A team of Boeing employees (Budica/Herzberg/Chandler 1) have patented an inertial confinement fusion engine (the basic principle going back to C.D.Orth's VISTA from 1999 and Rod Hyde's 1983 ICF proposal, but with a few quirks of their own):

A picture is better than a thousand words

It's not your ordinary Orion, since it:

  • uses much smaller "pulse units" (hence avoids the whole recoil problem);
  • works on D-T fusion, not (as a primary mechanism) fission;
  • doesn't achieve thermonuclear breakeven (pumps more energy through lasers than obtains from fusion), and potentially cannot be considered to violate the "no nukes in space yadda yadda" treaties;
  • uses fast neutron flux from fusion to fission depleted uranium in a reactor that powers the lasers;
  • and, in the traditional NERVA/NTR fashion, uses liquid hydrogen to a) cool the reactor, b) cool the chamber, c) provide extra thrust.

My question is about the nuclear reactor part. How does one guarantee the reactor's stability if there are, say, power excursions - a pellet is too large, and corresponding neutron flux higher than expected? What are the negative feedback mechanisms that keep the reactor under control?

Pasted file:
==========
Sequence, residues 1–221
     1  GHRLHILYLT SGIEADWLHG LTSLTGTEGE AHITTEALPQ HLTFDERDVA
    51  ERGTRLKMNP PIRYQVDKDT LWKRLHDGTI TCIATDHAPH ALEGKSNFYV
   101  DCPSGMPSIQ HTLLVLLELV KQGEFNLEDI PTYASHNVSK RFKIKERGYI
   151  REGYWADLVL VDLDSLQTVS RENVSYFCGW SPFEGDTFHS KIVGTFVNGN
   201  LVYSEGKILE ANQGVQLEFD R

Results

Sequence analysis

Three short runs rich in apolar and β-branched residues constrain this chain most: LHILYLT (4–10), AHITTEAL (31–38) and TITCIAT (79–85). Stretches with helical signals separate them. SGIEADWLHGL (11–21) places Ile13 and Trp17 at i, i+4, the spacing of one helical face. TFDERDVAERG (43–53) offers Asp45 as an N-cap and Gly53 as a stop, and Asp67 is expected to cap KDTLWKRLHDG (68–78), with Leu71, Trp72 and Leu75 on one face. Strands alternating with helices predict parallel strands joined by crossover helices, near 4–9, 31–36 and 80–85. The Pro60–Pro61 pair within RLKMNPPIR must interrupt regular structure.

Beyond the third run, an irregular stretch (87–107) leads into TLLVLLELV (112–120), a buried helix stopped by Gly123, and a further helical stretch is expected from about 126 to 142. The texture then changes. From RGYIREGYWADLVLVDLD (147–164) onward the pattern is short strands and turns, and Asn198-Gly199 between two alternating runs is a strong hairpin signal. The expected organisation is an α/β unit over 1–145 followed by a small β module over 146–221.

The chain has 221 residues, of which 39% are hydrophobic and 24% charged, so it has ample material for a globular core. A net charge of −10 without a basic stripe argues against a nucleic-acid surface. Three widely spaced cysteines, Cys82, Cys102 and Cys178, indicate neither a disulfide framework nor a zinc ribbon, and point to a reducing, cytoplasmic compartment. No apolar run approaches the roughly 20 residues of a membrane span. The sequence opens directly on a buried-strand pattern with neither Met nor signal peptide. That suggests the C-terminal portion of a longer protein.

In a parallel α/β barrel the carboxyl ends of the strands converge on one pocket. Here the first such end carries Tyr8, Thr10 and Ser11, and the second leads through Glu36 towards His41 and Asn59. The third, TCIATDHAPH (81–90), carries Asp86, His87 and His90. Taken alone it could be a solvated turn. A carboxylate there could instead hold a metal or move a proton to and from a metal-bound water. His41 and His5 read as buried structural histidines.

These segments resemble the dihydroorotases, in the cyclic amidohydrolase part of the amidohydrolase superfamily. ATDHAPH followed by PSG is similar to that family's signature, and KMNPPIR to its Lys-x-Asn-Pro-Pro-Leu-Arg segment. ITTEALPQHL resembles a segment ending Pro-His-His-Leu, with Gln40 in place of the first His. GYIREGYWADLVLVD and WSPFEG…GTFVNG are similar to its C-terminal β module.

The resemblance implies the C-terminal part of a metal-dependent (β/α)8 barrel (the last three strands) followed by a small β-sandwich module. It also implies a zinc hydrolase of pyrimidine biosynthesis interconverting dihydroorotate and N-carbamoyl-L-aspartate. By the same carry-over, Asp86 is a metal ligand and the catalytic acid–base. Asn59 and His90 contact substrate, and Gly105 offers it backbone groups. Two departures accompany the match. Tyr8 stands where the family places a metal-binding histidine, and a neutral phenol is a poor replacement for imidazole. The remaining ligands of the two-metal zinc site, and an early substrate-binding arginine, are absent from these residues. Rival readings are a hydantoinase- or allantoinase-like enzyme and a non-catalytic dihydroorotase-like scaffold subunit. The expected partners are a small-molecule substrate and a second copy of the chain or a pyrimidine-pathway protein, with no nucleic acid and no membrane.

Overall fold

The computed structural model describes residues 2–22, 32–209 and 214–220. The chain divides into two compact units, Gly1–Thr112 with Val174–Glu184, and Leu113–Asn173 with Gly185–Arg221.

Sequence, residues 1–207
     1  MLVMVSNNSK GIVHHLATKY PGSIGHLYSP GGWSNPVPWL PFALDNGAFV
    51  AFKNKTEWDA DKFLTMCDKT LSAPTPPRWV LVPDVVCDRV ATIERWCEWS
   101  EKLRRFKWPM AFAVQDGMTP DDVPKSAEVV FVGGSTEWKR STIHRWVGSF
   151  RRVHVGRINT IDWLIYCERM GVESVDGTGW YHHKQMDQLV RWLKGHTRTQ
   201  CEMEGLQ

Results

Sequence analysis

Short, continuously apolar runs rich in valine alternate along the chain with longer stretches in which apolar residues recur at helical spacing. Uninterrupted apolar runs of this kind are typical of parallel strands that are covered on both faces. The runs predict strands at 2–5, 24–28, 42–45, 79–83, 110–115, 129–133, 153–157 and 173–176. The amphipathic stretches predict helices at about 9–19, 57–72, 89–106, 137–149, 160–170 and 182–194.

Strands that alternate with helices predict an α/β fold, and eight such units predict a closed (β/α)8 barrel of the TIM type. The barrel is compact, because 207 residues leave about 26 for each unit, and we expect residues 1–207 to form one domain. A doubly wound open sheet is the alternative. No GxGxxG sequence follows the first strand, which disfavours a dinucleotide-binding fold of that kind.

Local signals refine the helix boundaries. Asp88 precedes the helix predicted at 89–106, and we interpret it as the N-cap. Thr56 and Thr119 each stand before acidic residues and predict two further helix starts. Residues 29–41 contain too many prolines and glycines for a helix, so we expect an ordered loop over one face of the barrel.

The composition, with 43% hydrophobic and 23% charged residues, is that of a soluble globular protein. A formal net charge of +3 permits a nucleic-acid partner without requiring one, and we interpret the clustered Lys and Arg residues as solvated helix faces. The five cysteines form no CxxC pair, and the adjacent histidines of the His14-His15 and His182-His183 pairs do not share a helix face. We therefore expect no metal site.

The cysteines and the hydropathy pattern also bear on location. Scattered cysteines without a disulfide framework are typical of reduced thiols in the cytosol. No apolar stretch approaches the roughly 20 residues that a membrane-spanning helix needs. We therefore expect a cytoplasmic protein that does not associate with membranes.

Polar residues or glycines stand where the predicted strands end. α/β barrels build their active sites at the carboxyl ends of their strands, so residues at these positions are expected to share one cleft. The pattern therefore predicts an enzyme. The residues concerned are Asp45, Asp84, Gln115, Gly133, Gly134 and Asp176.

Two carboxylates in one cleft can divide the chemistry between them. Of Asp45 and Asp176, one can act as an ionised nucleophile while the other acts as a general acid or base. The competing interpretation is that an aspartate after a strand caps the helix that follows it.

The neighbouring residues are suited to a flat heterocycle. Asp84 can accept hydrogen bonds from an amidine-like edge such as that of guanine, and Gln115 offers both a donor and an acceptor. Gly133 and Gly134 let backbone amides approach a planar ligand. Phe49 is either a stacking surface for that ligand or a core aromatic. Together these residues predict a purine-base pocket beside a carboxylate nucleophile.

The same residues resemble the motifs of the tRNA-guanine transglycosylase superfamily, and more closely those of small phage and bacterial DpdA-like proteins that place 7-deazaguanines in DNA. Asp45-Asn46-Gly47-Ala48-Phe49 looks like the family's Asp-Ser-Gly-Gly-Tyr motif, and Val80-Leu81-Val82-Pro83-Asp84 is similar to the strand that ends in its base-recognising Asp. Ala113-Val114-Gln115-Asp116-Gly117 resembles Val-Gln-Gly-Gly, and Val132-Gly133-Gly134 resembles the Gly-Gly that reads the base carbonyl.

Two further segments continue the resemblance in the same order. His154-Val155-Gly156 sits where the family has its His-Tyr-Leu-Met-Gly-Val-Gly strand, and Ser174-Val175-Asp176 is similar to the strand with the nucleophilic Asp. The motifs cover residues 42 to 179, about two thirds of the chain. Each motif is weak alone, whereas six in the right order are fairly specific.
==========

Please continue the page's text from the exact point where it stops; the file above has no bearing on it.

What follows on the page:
1 Director of Advanced Vehicle Subsystems and Technologies at Boeing's Phantom Works.


1 Answer 1


Depleted uranium cannot sustain fission on its own, so there is no runaway possible and no negative feedback is needed to control it. As soon as the neutrons from the fusion stop, the fission stops.

However once you start this thing, you will have highly radioactive fission products mixed in with your depleted uranium, so it is probably not something you want to operate until you have no chance of crashing back on Earth. E.g. you wouldn't start it up until you were in a highish low-Earth-orbit, around 1000 km. I'm not seeing this used on a launch vehicle, at least not if under the auspices of a democratic government.

  • $\begingroup$ Wouldn't it also work like a breeder? I've read somewhere that MOX type fuels make for more difficult reactor control. You start off from Earth (LEO or not) with one fuel (U-238, the notional NTR zirconium carbide stuff) and you end up at Mars with another fuel and a new headache for the return trip. $\endgroup$ Jul 13, 2015 at 21:00
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    $\begingroup$ Breeder reactor fuel needs to be reprocessed to extract the bred plutonium. The fission products from the uranium absorb neutrons and prevent the bred plutonium from being able to sustain a fission reaction. $\endgroup$
    – Mark Adler
    Jul 13, 2015 at 21:20

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